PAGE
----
The increase in political polarization in this country reflects the decreasing sectional attachments that rose from the Civil War.
Bryan Caplan recently linked to one of his older posts arguing that there is not that much substantive difference between the political parties. Bryan believes there are two big misconceptions about the differences between the parties:
The first big misconception is the parties’ key differences are substantive. They aren’t. Reps don’t want to get rid of the welfare state. Almost all Reps support spending a big chunk of GDP on America’s poor and old. And Dems don’t want anything like socialism. Almost all Dems want America to remain a country where markets are the default and people can get rich if they play their cards right. So what is the “key difference” between the parties? Rhetoric.
The second big misconception is that the parties’ rhetoric makes sense on its own terms. It doesn’t. If Dems really cared about poor human beings, they would quit worrying about the American old, most of whom aren’t poor. Similarly, if Reps really cared about “over-burdened” tax-payers, they would try to diminish the burden in the only sustainable way: Big cuts in spending. They would be crusading against the popular programs like Social Security and Medicare that absorb most of our tax dollars.
Bryan does offer some explanations for these phenomena:
I understand, of course, that if either party tried to bring its substance in sync with its rhetoric, it would go down in flames. . . . What’s going on? My best guess is that the rhetoric is the bone each party throws its idealists – “If you vote for us, we’ll pretend to want radical change.”
Let me address each of these points separately. 1. The Substantive Differences: Bryan’s post should be understood as part of long line of similar claims made by radicals of different stripes – the idea that the Democrats and the Republicans are not that different, that they are Tweedledum and Tweedledee. And this understandable enough. If you are a radical, by definition you favor significant change. The differences between two moderate parties will seem small by comparison.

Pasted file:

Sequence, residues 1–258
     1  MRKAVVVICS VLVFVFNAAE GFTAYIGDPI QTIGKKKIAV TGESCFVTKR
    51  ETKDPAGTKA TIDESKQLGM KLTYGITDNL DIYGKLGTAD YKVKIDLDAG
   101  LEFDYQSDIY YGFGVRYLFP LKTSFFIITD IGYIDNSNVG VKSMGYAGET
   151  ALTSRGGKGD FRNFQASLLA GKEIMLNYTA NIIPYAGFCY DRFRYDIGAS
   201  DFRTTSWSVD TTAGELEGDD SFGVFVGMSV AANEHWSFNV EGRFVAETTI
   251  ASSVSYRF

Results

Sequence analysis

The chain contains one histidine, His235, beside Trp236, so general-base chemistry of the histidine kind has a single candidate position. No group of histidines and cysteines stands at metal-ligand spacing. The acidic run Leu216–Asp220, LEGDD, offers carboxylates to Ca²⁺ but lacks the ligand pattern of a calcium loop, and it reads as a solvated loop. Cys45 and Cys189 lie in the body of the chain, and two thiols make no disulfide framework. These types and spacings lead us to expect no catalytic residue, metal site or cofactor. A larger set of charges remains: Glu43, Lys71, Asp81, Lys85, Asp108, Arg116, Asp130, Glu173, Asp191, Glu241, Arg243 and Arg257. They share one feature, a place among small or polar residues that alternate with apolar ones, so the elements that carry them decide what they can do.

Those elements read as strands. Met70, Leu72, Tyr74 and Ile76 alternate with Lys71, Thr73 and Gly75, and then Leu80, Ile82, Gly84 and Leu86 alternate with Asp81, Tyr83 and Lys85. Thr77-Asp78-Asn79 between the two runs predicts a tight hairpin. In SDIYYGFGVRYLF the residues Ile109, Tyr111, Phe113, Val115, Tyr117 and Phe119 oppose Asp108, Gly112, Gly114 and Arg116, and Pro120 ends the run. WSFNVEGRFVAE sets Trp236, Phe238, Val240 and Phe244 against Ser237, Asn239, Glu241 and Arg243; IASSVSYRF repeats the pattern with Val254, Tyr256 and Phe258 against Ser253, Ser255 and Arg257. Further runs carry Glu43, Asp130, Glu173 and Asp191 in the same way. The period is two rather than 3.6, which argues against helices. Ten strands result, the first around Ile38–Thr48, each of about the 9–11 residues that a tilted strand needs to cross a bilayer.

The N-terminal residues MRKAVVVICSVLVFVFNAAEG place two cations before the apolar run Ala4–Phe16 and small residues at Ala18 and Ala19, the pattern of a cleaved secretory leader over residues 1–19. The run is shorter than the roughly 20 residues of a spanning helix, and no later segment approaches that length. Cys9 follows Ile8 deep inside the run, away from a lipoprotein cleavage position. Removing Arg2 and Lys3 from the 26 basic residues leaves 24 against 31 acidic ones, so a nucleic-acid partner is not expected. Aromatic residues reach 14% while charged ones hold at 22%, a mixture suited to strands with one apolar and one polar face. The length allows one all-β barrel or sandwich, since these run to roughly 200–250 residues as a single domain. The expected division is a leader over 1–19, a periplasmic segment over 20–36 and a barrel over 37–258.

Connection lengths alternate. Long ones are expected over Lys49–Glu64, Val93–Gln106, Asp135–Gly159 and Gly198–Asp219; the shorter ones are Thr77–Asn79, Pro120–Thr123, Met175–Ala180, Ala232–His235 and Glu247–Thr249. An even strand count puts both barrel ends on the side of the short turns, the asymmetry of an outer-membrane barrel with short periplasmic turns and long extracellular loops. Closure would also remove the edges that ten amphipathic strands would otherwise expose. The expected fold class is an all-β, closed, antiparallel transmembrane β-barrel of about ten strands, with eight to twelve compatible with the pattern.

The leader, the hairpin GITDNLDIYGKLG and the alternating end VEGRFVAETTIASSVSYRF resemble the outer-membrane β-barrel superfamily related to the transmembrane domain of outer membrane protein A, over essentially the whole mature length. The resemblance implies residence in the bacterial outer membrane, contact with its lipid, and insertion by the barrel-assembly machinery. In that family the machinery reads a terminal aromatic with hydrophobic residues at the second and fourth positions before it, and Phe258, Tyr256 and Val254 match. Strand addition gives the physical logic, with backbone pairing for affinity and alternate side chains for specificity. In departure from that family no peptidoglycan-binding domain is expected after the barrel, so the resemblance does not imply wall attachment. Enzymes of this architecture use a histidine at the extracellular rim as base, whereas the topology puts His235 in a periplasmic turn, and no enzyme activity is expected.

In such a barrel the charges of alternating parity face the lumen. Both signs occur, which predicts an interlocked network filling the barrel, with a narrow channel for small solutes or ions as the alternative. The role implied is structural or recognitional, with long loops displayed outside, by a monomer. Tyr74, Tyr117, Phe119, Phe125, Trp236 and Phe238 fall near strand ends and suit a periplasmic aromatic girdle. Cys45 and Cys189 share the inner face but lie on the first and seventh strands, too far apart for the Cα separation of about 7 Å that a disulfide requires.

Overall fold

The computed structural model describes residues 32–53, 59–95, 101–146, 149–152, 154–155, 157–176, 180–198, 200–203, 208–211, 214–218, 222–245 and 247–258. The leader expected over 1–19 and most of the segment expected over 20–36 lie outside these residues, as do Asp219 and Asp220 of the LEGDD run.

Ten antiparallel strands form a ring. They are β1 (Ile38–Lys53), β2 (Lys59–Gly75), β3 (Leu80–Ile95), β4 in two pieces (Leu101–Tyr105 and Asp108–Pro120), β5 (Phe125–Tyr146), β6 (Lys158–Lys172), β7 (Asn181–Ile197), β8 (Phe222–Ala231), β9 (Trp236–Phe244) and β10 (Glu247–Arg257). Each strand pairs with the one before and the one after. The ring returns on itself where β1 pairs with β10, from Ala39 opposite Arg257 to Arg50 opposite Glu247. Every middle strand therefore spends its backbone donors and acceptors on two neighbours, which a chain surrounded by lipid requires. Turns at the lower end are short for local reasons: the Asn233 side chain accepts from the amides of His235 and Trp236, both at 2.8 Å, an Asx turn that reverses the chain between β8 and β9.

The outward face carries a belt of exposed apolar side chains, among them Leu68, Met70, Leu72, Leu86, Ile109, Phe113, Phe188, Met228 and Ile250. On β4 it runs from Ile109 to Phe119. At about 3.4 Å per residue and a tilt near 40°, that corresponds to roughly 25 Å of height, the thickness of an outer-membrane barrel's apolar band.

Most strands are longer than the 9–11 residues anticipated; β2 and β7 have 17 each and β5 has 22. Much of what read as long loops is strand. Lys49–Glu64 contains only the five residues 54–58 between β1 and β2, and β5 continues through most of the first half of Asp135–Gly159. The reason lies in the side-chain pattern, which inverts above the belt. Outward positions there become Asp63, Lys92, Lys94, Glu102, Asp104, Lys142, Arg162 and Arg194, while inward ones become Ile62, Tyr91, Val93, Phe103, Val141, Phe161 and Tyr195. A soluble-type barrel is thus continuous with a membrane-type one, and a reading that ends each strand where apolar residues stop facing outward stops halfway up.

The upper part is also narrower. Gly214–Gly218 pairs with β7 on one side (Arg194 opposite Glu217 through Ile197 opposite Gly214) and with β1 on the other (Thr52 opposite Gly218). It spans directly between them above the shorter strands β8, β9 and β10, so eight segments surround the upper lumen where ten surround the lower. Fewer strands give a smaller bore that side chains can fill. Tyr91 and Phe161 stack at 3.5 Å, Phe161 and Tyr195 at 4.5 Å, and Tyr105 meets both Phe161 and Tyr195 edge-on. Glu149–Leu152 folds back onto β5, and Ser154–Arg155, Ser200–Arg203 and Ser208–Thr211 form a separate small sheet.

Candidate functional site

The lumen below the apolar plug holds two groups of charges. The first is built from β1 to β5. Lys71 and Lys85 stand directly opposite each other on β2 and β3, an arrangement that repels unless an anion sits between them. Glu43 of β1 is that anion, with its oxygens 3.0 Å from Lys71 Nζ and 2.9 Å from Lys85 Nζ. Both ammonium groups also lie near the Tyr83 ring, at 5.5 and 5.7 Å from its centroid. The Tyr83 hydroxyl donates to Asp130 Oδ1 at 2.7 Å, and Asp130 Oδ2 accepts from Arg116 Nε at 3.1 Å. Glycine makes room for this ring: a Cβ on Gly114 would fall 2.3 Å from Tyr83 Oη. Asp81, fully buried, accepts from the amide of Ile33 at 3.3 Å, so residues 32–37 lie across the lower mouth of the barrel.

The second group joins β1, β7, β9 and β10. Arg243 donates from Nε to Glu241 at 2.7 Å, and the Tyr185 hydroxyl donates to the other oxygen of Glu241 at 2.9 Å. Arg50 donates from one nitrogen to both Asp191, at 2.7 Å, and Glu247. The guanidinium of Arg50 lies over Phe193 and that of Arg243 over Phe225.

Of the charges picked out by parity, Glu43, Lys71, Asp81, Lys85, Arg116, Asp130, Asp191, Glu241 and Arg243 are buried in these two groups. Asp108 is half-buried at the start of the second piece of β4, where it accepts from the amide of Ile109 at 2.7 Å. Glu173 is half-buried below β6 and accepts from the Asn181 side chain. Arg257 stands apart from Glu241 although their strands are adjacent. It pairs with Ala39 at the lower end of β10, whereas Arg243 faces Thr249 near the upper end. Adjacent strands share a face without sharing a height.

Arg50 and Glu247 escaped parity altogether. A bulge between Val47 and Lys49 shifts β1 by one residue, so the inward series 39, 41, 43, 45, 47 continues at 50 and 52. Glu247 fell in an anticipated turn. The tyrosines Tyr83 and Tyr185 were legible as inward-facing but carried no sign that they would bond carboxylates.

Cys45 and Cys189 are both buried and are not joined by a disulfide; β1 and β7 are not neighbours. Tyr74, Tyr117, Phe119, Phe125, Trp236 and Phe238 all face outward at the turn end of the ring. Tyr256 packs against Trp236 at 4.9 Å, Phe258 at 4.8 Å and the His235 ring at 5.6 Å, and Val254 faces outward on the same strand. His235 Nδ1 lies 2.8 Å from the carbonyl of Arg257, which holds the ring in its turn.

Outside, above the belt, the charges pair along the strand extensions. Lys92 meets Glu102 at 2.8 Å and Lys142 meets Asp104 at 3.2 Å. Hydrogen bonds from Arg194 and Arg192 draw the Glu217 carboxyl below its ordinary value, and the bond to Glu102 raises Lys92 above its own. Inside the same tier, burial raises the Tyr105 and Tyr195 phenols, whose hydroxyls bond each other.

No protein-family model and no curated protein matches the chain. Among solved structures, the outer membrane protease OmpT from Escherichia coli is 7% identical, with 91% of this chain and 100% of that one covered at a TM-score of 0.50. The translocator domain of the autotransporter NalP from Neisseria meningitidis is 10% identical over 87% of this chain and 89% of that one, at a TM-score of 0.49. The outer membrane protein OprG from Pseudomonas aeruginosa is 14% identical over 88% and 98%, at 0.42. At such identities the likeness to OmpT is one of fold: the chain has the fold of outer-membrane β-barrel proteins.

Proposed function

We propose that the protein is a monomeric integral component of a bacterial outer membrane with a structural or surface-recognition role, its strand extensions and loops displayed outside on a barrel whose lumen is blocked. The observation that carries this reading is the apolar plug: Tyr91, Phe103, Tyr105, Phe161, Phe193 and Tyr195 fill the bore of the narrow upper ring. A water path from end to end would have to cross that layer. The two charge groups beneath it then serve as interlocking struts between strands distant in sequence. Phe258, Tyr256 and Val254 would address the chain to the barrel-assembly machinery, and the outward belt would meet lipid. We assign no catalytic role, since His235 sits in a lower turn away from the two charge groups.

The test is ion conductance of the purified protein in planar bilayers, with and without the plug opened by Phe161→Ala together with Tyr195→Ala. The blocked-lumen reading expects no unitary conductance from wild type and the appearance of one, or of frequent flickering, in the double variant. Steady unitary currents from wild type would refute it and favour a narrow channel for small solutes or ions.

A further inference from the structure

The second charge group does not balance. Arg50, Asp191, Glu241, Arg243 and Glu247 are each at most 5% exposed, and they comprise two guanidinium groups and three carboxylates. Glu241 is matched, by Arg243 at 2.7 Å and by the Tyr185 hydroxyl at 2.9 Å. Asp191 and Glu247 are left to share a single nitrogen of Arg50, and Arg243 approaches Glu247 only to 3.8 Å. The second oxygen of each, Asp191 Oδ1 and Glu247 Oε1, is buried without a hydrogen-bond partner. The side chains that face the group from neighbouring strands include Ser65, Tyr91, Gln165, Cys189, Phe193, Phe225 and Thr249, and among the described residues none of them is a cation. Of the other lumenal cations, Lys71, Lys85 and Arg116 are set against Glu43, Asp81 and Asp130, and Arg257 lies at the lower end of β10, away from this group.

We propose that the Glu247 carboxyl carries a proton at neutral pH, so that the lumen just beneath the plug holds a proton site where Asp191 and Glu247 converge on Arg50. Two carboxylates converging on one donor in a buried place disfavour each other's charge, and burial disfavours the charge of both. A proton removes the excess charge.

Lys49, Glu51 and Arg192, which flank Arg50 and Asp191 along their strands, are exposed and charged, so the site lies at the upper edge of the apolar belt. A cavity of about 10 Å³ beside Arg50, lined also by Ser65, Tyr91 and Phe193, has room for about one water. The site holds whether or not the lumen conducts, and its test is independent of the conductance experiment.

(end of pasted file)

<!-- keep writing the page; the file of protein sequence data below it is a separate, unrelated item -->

While Bryan is a radical liberatarian, I am a far more moderate one – moderate both in what I regard as the ideal political arrangement and in how quickly I would like to get there. So for me, the differences between the parties seem larger than they seem to him.
And of course, to an ordinary political observer, who has much more mainstream views, the differences between the parties will seem even larger. If you are the median Republican or the median Democrat, who views their party’s platform as being largely ideal, then the differences between the parties may seem enormous.
2. The Parties’ Rhetoric: I am more sympathetic with Bryan’s second point, expressing skepticism that the parties’ rhetoric makes sense on its own terms. But even here, one can imagine a defense of the parties’ positions. A Democrat might argue that they are more concerned with poor Americans than with poor foreigners on the ground that people in a country have special affiliations that those people lack with foreigners. And Republicans might argue that placing social insurance programs on a sound track is an attractive idea, because such programs provide a safety net, but should not be allowed to cause serious fiscal problems for the nation. Whatever one thinks of these arguments, they are certainly plausible and cannot be dismissed out of hand.
What is the take away from all of this? For the radical, the differences between the parties will appear neither significant nor well conceived, but that is largely a function of the radical’s perspective. For more mainstream political thinkers. these differences will make quite a bit of sense. For me, as a moderate libertarian – who is both moderate and yet often adopts a third party perspective – the differences between the parties make more sense than for Bryan, even though the political world would be more attractive to me if there were a more libertarian party.